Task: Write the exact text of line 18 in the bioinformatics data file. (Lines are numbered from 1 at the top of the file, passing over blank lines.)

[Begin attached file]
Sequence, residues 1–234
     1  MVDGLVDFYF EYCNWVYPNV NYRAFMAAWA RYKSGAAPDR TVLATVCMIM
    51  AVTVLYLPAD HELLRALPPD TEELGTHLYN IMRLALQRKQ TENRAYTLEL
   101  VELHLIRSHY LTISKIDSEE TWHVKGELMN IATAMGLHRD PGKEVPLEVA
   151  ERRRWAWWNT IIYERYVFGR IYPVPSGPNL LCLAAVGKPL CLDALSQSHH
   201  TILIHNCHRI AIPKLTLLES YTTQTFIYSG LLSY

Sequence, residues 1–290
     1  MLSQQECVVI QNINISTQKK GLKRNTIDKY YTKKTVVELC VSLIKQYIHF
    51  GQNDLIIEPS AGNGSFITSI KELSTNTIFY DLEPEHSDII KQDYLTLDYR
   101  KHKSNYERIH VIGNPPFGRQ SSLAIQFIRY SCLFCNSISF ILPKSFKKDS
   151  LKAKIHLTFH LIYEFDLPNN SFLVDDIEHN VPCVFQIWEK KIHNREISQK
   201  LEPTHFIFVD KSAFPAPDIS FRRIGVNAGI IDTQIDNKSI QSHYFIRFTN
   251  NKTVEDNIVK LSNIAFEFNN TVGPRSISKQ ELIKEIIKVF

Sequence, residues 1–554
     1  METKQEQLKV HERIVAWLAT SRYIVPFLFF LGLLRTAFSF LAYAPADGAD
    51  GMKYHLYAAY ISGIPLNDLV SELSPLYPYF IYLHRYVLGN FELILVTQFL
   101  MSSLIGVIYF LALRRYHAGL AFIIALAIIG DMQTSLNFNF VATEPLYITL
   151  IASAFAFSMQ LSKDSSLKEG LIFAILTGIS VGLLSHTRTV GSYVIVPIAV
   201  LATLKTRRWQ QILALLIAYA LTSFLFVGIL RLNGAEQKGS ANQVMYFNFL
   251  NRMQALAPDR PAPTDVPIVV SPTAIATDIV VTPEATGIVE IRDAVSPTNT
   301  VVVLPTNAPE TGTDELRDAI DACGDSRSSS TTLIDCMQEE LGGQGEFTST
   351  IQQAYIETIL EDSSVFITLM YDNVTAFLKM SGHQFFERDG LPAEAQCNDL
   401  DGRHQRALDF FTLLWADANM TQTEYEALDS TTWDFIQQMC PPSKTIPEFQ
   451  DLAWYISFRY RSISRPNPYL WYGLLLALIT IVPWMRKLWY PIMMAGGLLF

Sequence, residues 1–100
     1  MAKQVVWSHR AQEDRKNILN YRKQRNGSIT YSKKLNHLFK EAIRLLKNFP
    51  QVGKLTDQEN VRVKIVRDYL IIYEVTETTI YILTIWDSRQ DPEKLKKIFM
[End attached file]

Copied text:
   151  IASAFAFSMQ LSKDSSLKEG LIFAILTGIS VGLLSHTRTV GSYVIVPIAV